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  #1  
Old May 6th, 2010, 06:16 PM
Total Noob Total Noob is offline
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Sluggish Ubuntu 10.4

Could I have overloaded my Aptiva with 833 MHz when I upgraded from 9.10 to 10.4?

It seems very sluggish now, particularly on launching apps and booting. When offered the upgrade, there weren't any disclaimers or suggestions about regarding the kinds of equipment that would work well with the upgrade, otherwise I might not have taken it.

I also did not notice any sluggishness when I upgraded my laptop, though as noted WINE is not as good as before.
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  #2  
Old May 7th, 2010, 10:01 PM
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kage kage is offline
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How much memory does this computer have?
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  #3  
Old May 8th, 2010, 06:22 AM
craisin craisin is offline
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I think your specs are too low
And to me its seems too easy to run Ubuntu inside XP and I dont need to run wine as I have windows to run windows programs
There are heaps of people having problems with wine Google it and see
I had a Epox with a 500mhz chip clocked to 530mhz and with 768mb of ram and 8.04 it ran faster than my Dell 2.4ghz and a gig of ram
But in an attempt to run it faster I flashed the bios and it died
My lowest spec machine on ubuntu is 2ghz cpu and I thought it was too small to take to 10.04 it currently runs 9.04
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  #4  
Old May 9th, 2010, 01:26 PM
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kage kage is offline
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I have one of the original Asus EEE 701 netbooks, which is equipped with a 900mhz celeron processor, scaled to 600mhz. It can run Ubuntu 9.10 and 10.04 with compiz effects very well, but it also has 2GB of DDR2 ram, which significantly improves performance.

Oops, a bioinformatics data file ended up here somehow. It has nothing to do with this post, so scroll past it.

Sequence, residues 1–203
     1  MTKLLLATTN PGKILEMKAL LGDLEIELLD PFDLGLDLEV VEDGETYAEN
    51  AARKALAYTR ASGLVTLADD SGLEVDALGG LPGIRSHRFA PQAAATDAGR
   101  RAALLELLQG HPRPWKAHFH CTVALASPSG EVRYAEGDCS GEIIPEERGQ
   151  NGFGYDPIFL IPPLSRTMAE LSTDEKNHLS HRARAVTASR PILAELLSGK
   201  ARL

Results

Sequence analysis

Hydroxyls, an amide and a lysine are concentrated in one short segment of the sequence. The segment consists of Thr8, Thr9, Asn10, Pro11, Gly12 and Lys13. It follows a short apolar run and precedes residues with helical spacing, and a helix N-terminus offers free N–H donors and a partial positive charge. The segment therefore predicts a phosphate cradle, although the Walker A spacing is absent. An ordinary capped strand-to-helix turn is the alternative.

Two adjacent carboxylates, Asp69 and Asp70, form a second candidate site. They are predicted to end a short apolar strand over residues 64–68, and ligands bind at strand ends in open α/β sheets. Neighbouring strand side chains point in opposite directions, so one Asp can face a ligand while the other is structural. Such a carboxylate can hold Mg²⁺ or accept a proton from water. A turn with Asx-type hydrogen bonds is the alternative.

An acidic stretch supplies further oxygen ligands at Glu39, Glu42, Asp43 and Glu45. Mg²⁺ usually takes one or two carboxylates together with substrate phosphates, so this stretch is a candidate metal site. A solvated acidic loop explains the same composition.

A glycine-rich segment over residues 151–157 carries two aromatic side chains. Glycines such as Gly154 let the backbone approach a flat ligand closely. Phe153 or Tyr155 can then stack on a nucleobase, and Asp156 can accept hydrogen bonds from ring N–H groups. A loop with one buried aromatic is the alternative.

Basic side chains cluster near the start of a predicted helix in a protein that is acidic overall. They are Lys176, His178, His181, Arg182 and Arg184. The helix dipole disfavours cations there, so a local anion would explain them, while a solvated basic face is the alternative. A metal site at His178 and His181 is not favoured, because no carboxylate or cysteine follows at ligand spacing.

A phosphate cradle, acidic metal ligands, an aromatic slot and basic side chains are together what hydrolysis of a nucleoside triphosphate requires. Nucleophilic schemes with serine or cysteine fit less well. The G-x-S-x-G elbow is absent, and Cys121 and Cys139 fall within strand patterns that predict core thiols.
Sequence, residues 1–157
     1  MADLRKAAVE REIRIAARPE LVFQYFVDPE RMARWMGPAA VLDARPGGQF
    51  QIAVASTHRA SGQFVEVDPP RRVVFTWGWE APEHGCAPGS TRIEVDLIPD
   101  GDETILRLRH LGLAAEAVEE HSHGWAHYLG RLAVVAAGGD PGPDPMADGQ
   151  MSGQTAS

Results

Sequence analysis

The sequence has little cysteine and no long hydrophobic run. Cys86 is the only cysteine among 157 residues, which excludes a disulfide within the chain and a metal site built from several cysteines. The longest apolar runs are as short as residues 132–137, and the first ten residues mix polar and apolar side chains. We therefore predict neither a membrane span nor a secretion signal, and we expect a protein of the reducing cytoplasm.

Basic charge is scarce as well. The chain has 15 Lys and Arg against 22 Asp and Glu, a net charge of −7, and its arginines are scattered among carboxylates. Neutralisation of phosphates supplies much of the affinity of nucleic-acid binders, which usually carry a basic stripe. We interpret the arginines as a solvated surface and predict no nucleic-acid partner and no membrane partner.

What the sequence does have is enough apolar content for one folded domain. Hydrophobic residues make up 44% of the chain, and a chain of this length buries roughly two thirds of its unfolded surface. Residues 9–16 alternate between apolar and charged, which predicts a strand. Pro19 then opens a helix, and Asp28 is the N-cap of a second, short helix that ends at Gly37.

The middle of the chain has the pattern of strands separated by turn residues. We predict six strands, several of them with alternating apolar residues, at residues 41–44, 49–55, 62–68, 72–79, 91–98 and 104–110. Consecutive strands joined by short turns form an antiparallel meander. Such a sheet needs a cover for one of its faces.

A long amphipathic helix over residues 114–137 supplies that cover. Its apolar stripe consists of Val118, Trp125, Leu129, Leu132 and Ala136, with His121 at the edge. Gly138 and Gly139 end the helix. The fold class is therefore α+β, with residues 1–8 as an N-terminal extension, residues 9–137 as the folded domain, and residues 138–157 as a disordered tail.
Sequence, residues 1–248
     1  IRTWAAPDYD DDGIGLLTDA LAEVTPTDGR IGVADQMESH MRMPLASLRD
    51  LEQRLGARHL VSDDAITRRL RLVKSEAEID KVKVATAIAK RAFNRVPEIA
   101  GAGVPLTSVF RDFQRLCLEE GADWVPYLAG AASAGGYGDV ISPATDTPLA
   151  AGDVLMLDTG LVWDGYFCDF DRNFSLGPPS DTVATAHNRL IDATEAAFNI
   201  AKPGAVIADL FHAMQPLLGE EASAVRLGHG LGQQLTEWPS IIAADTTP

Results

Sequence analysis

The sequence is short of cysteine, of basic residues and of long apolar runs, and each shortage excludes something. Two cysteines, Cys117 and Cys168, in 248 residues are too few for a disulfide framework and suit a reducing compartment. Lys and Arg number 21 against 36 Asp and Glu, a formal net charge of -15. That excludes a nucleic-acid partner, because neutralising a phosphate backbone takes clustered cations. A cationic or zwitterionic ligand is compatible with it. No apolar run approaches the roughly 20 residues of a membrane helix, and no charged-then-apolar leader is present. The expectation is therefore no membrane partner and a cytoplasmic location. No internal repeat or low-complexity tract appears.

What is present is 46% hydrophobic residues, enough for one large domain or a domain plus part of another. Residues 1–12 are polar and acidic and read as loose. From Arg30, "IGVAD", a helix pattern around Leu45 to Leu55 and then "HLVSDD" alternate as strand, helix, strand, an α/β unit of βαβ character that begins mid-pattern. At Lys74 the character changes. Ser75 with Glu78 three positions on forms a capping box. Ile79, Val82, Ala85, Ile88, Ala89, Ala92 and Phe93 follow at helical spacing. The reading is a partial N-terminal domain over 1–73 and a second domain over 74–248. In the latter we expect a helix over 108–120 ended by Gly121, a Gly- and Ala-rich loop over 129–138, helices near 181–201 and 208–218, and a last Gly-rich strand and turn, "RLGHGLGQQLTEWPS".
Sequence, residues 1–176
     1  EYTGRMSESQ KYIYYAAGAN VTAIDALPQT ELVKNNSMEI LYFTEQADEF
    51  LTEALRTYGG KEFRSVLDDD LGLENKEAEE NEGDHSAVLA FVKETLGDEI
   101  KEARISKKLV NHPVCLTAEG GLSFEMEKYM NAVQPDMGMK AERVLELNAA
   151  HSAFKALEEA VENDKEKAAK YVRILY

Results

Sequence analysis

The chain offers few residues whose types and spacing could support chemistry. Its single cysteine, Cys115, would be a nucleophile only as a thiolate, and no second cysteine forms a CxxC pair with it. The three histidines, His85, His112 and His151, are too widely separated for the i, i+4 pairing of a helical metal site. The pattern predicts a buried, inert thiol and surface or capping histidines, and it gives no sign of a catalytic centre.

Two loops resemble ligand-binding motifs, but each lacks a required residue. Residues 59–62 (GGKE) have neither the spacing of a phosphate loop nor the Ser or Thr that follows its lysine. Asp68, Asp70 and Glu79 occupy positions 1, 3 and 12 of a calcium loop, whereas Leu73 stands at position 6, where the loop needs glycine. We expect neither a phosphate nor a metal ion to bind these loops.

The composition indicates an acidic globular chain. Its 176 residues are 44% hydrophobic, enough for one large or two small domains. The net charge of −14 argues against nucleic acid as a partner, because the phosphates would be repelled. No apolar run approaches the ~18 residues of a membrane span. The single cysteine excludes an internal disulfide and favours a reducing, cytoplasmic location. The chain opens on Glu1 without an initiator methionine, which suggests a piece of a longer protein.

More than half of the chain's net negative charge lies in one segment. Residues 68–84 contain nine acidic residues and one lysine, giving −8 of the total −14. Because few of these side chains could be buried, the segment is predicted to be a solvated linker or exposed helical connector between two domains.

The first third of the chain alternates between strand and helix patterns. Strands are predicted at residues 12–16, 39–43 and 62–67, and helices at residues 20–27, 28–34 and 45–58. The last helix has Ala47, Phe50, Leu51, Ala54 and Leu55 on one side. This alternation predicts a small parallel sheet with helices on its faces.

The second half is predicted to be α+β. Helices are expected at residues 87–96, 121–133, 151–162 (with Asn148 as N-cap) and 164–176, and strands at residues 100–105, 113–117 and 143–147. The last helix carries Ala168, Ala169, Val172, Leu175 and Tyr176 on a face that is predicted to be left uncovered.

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  #5  
Old May 11th, 2010, 06:17 PM
Total Noob Total Noob is offline
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Quote:
Originally Posted by craisin View Post
I think your specs are too low
833 I think is Pentium 3, and I think I have 512 RAM, but I'm not really sure.

Quote:
Originally Posted by craisin View Post
And to me its seems too easy to run Ubuntu inside XP and I dont need to run wine as I have windows to run windows programs
I wouldn't know how to arrange that, plus isn't the point to be current without Windows?

From what is said here, Canonical should have released a very explicit disclaimer telling people that 10.4 is not going to work too well with old equipment. If it is mentioned on its website, then it is hard to find.

Plus, I haven't observed any breakthrough or really new thing to go with it to make it a choice over the older versions. The packaged apps, particularly Open Office, remain behind commercial. I also don't understand the left side "X" to terminate an app. What was the point of that, except to say we're not Windows?
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  #6  
Old May 12th, 2010, 02:16 AM
NoGeeksPC NoGeeksPC is offline
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"Canonical should have released a very explicit disclaimer telling people that 10.4 is not going to work too well with old equipment. If it is mentioned on its website, then it is hard to find."

Total Noob,

Upgrade your computer. It's not their fault your computer is is severely out of date.

It's impossible for developers to make everyone happy, and Lucid is much like a sleek and powerful Jaguar (V12)... and your trying to push it down the street with a little red wagon... of course it wont work.

I don't mean to be a smart arse, but would you try to run Windows 7 on that toaster? Even though XP worked fine?

Sometimes it just needs to be said: Upgrade your hardware. :-)
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  #7  
Old May 12th, 2010, 02:26 AM
NoGeeksPC NoGeeksPC is offline
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Check out this forum for Linux distros that work well on older hardware:

http://www.cybertechhelp.com/forums/...d.php?t=208444

I like Puppy Linux, and it has absolutely the* best hardware detection I have seen in any distro... wonderful for data recovery and odd/old hardware.
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  #8  
Old May 12th, 2010, 02:33 AM
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kage kage is offline